Has media lost its focus?

Have some media outlets forgotten what they do best, Alasdair Reid asks.

Andy Jones
Andy Jones

Some media owners protest so loudly and vigorously about their new economy credentials that you begin to suspect that they doth protest too much.

ITV has had so many "iterations" of various "transformation" plans that you begin to suspect its top brass have forgotten what it is that the business actually does.

None of which is remotely Gary Knight's fault - because, of course, the ever-youthful Knight has been one of ITV's most convincing and effective executives on the commercial side for longer than most people would care to remember.

Last week, though, it was announced that Knight, who is ITV's branded entertainment and digital sales director, is to take the newly created role of commercial content director. His remit will include working with the "client activation team", reporting to Simon Daglish, who is the director of multiplatform and partnerships.

This latest move is part of ITV's ongoing restructure of its commercial and online division under the latest five-year transformation plan. It prompted some cynics to speculate on whether some traditional media companies have been in danger of taking their eye off the ball where their core businesses are concerned.

And there have been publishing groups who could stand accused of putting a disproportionate emphasis on potential (or theoretical) new revenue streams that won't deliver much where the bottom line is concerned, any time soon. Many press buyers across town have become increasingly bemused at the lacklustre performance of some sales teams when it comes to maintaining a buzz about traditional print advertising.

Some media owners will say that such speculation is unfair. They're regularly criticised (not least by financial analysts and investors) for not facing up to the challenges of digital and being too slow to reinvent their business models.

But are some media companies becoming guilty of losing touch with what it is they do well? Andy Jones, the chief executive of UM London, doesn't think so. He says: "Broadcasters such as ITV have to look to the longer-term and other ways of finding revenues. The spot advertising market is a separate issue. It's sold upfront. But media owners must also find more innovative ways of packaging up their inventory in a more engaging way and provide custom media solutions. That's what we are about far more as a media agency these days. In fact, you could argue that broadcasters haven't been putting enough emphasis on the non-spot side. Similarly, most publishers face big challenges - but they still have a strong and passionate point of view about their publications and the audiences they deliver."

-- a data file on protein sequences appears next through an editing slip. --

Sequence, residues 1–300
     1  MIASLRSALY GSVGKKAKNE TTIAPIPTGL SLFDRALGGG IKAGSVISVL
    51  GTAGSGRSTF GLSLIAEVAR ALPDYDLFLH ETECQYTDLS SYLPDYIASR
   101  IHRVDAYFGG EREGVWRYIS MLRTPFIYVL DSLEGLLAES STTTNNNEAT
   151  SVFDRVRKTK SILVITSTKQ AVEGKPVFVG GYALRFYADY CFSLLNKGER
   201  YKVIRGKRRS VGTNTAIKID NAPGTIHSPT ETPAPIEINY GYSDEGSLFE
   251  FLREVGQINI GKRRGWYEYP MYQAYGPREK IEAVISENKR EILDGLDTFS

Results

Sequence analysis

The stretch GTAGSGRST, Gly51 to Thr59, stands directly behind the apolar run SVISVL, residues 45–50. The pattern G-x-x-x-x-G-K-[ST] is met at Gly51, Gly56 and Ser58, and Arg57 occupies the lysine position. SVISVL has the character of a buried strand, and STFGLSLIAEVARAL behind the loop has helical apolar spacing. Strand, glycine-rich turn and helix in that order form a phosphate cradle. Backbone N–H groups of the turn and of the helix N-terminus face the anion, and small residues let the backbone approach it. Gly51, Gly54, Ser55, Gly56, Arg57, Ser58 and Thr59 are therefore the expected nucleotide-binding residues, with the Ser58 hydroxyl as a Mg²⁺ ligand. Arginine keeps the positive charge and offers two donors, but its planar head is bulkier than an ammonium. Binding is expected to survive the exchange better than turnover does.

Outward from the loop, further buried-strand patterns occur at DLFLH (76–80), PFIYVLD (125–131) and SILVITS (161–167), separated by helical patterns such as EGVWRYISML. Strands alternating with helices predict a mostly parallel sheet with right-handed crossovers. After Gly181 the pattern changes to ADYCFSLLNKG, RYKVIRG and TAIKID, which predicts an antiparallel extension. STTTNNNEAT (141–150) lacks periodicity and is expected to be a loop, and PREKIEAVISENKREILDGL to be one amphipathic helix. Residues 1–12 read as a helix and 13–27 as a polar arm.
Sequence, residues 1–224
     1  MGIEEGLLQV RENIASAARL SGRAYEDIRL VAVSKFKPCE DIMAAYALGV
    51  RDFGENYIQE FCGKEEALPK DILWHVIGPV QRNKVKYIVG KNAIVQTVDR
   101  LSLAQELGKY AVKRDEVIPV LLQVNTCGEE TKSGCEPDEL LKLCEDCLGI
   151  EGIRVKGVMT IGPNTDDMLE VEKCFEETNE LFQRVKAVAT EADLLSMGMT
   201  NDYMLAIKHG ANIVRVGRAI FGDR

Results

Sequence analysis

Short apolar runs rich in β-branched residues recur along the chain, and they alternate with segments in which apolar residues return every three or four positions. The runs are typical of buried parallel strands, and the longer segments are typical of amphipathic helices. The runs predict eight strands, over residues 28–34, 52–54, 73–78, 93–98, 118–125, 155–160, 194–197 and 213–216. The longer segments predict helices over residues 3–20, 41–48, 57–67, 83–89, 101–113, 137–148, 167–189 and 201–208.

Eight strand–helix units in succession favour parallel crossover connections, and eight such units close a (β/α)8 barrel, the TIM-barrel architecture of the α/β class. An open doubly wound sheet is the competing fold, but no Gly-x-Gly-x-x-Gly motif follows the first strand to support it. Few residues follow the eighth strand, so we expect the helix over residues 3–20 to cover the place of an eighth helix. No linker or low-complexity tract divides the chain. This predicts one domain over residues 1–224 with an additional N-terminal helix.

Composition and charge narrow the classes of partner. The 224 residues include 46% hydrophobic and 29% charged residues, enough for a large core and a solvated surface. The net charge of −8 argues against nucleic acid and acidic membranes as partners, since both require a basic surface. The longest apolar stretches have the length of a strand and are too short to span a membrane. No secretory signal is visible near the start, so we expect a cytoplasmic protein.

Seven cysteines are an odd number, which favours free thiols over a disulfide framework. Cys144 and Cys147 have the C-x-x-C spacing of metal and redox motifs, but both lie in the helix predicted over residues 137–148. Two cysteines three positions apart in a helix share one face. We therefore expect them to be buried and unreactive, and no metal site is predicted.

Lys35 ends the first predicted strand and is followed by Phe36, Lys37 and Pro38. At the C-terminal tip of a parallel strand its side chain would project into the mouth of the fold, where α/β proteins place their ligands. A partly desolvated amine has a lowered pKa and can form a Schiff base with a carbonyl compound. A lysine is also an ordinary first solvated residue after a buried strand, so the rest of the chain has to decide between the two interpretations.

Meanwhile, Alex DeGroote, a media analyst at Panmure Gordon, says that ITV is doing a more than decent job of trying to find the right balance in what remains a difficult market: "It had to get the financials in shape - and that's happened. It regarded its 75-80 per cent reliance on adverting as unhealthy - and it has a transformational plan to diversify away from spot ads. Broadcast advertising reasserted itself last year - and I don't think anyone could have predicted the extent of its recovery. So I'm not sure what media agencies expect of ITV."

And Dave King, the executive director of Telegraph Media Group, argues it's a fine balance. He says: "The Telegraph has undergone significant strategic, structural and cultural change. This journey is ongoing, with increasing resources allocated to the generation of new revenue streams. A high quality brand requires investment in the core business to maintain quality and to feed its future. We need to invest in technology, but also attract a talented workforce armed with the skills needed. We must also develop existing talent.

"With new technology it's often too easy to buy or build something but not gain significant returns. Our approach is to have the commercial team involved in technology decisions at the outset."

Jean-Paul Edwards, the executive director, futures, at Manning Gottlieb OMD, points out that, in TV, new revenue streams represent a more immediate opportunity than you'd think. He points in particular to the "second screen" phenomenon, whereby a rapidly growing chunk of the population is accessing social media via tablets and smartphones at the same time as watching TV.

He concludes: "There are now many examples of scaleable integrated ideas that empower a core TV product. Any sensible business will plan for multiple future scenarios."

NO - Andy Jones, chief executive, UM London

"You could argue that broadcasters should have been putting more emphasis on non-spot. Publishers face big challenges - but they still have a strong view about their publications."

NO - Alex DeGroote, media analyst, Panmure Gordon

"ITV wants to be as relevant as it can be to advertisers. It has to maximise profitability from its existing base. I don't think it has (over-hyped) expectations where video-on-demand is concerned."

NO - Dave King, executive director, Telegraph Media Group

"Businesses need a vision, strategy and culture to deliver a successful future. Many, however, are myopic, focusing on the day-to-day, particularly when trading conditions are tough."

NO - Jean-Paul Edwards, executive director, futures, MG OMD

"Any sensible business will plan for multiple future scenarios ... and there are now many examples of scaleable integrated ideas that empower a core TV product. The new platform opportunity for print brands is significant, but the opportunity for TV is even greater."